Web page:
Fishery mislabeling could mean more mercury than buyers bargain for
NEW YORK (Reuters Health) – That Chilean sea bass from the local grocery store could have twice the methylmercury that’s expected – if it comes from a region other than indicated on the label, a new study says.
While fish certified by the Marine Stewardship Council (MSC) is generally considered safe, seafood from regions with high levels of contamination are not. And researchers studying samples from U.S. retail stores found that many fish are indeed the species they are claimed to be, but not from the region claimed.
“Chilean sea bass is already known to sometimes have high mercury levels,” lead author Peter Marko, of the University of Hawai’i at Manoa, Honolulu, told Reuters Health.
“If women are pregnant or nursing, they probably shouldn’t buy that fish, to be safe,” he said.
Past research has found that fish sold in retail markets is not always the species it’s advertised to be. And that even within a given species, mercury levels can vary widely.
Methylmercury, the type of mercury found in fish, is an organic compound that can be absorbed into living tissue.
Pregnant and nursing women and kids have been advised by the U.S. Food and Drug Administration to avoid shark, tilefish, swordfish and King Mackerel because these species have a mean mercury level of 0.73 to 1.45 parts per million. The FDA’s limit for mercury in fish for human consumption is 1.0 ppm.
Normally, the mercury content of Chilean sea bass, also known as Patagonian toothfish, is 0.35 ppm, according to the FDA.
In the current study, published in the journal PLOS One, researchers used sea bass tissue samples from retailers in 10 U.S. states. They measured the total amount of mercury in 25 of the MSC-certified and 13 of the uncertified Chilean sea bass samples.
They found that fish labeled as certified had less than half the mercury (0.35 ppm) of uncertified fish (0.89 ppm).
But when the researchers excluded the fish that actually belonged to other species and were not genetically sea bass, they found no significant difference in the mercury levels of certified and uncertified fish.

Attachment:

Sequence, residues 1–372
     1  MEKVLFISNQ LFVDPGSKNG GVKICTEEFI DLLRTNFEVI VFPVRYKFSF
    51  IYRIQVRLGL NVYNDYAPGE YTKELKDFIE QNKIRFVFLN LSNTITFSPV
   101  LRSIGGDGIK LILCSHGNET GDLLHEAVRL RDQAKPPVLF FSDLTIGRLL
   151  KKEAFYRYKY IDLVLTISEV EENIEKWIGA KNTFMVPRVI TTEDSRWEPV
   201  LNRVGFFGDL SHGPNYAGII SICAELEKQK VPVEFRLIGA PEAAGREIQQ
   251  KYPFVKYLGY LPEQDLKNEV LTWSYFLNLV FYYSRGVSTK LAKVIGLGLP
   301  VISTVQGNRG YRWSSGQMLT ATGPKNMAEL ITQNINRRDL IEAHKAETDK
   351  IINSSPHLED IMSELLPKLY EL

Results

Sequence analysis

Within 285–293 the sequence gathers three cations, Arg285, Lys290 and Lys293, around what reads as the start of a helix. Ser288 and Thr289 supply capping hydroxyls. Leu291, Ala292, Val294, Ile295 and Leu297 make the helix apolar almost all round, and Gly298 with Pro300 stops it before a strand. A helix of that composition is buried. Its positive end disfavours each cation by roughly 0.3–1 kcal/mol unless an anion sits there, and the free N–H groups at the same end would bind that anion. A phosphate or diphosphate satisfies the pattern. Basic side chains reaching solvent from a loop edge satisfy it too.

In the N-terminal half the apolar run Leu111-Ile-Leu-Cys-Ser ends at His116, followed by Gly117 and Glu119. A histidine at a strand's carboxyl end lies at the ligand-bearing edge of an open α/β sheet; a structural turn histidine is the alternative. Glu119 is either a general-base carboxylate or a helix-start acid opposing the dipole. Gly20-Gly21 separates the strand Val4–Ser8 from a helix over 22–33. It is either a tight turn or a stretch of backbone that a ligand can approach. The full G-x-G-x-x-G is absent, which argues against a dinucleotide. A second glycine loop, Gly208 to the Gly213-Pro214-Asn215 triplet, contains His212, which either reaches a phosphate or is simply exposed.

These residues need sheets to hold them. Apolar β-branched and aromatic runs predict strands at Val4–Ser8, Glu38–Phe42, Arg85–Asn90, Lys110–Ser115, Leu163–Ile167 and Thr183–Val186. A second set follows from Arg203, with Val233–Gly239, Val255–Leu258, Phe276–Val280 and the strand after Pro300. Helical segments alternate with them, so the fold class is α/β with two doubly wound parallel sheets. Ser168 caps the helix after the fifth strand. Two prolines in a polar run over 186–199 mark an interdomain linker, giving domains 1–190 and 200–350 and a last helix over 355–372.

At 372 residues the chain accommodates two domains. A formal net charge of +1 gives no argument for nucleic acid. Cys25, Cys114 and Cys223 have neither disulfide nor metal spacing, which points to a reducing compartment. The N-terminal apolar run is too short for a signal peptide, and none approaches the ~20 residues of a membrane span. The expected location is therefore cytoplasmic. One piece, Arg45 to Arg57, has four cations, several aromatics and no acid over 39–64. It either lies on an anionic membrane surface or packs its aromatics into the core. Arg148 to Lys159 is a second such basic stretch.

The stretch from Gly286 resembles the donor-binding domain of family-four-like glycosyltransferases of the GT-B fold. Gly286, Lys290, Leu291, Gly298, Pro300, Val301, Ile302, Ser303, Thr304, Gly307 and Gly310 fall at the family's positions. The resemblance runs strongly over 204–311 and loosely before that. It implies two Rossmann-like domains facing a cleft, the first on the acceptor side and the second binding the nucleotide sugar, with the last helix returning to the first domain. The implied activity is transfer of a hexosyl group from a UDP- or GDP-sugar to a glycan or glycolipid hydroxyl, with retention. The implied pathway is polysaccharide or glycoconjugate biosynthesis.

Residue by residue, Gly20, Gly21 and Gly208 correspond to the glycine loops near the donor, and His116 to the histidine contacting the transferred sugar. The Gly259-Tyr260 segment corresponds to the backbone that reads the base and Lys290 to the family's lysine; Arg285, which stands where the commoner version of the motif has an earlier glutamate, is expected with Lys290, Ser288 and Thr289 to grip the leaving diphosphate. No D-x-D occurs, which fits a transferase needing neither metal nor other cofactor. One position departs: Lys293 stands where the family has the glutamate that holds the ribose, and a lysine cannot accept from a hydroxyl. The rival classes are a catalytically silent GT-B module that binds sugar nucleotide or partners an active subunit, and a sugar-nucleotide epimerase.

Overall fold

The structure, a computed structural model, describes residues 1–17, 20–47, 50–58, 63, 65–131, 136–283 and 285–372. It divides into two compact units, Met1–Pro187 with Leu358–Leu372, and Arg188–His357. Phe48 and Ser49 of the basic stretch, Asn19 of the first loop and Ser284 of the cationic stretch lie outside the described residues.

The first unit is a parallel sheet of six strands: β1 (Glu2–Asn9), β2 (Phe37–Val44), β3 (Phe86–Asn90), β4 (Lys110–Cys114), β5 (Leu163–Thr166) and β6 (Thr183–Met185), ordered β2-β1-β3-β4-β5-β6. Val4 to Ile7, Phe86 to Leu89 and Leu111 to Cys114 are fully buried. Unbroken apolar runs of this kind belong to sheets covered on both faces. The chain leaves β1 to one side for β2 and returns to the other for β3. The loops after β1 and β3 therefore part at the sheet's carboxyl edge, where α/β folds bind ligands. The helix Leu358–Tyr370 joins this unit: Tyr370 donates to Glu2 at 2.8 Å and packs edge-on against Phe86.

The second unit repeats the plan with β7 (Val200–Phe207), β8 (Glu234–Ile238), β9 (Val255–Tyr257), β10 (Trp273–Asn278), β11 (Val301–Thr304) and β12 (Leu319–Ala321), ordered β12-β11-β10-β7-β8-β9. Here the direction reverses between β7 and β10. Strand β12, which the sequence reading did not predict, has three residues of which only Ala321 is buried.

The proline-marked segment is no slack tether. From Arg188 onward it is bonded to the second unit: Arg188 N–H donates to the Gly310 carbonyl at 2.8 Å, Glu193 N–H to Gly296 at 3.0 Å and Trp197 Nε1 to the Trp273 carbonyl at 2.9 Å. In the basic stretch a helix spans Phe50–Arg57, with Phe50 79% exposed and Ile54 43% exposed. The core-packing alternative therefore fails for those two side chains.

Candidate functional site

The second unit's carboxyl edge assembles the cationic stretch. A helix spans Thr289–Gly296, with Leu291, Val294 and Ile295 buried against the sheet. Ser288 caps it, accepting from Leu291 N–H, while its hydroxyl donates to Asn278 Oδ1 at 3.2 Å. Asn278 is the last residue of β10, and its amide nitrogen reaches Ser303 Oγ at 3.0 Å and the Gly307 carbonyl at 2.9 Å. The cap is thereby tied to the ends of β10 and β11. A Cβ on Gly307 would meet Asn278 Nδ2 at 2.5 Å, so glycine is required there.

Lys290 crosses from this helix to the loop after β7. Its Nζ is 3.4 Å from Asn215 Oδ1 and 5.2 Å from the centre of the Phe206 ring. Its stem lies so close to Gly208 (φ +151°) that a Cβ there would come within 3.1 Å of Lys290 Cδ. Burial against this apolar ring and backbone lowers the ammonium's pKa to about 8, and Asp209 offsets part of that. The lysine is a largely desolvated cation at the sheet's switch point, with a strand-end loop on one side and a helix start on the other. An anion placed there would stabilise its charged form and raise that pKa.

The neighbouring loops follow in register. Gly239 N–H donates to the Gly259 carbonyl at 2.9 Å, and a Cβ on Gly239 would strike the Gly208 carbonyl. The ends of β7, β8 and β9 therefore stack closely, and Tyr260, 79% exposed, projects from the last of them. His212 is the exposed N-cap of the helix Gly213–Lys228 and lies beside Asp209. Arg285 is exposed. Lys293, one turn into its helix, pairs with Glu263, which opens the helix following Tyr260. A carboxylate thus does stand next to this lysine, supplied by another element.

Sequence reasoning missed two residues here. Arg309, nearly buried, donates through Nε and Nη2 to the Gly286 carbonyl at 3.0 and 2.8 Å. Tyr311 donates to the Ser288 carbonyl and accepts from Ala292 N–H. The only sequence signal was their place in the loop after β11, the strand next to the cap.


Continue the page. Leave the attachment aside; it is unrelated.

“We then said, ‘that can’t be because certified is supposed to come from South Georgia, where the mercury level is low, why do we see such a difference in mercury?’” said Marko, referring to a fishery area close to the South Pole and known to have less mercury contamination than fish from waters off South American. “It’s these fishery stock substitutions,” he said.
The researchers tested the DNA of the fish and found those from outside the MSC-certified South Georgia/Shag Rocks fishery had twice as much mercury (0.63 ppm) as those genetically confirmed to be South Georgia stock (0.31 ppm).
“Regular mercury exposure is potentially dangerous to developing nervous systems, so this and other studies like it are of greatest concern to pregnant women, children, and women planning on having children,” Marko said in an e-mail.
“Our study demonstrates that accurate labeling of seafood – not just with respect to what species but also what country or region the seafood came from – is essential to consumers, particularly in the aforementioned demographic, to make informed choices at the seafood counter,” he said.
Marko pointed out that fish from South American waters can have two-to-three times as much mercury as fish from MSC-certified regions.
Roberta White, professor and chair of Environmental Health at Boston University School of Public Health, who was not involved in the study, told Reuters Health in a phone interview the findings were another reminder that consumers need to be careful when purchasing fish.
“What’s really disturbing is how do people choose to eat fish that are safe?” said White, who has studied the effects of industrial pollutants on the brain.
“Everybody wants people to eat fish because it is good for the brain and heart, but we also don’t want them to be poisoning their children because they’re pregnant,” she said.
White said future studies needed to focus on different species of fish and the genetics within species, as well as variations in neurotoxicants. Other contaminants in fish could also pose a health danger, including Polychlorinated Biphenyls (PCBs), which are synthetic organic chemicals, organic tin and different pesticides, she said.
“As this article points out, sometimes you think something is safe because of the way it’s labeled and maybe it isn’t, but that’s true of all our food,” White said.
“This is where you have to start, the simple stuff,” White said. “I think what’s important about the study is the public health message that we need to be careful about this and figure it out,” said White.
SOURCE: bit.ly/1vBpKRH PLOS One, online August 5, 2014.
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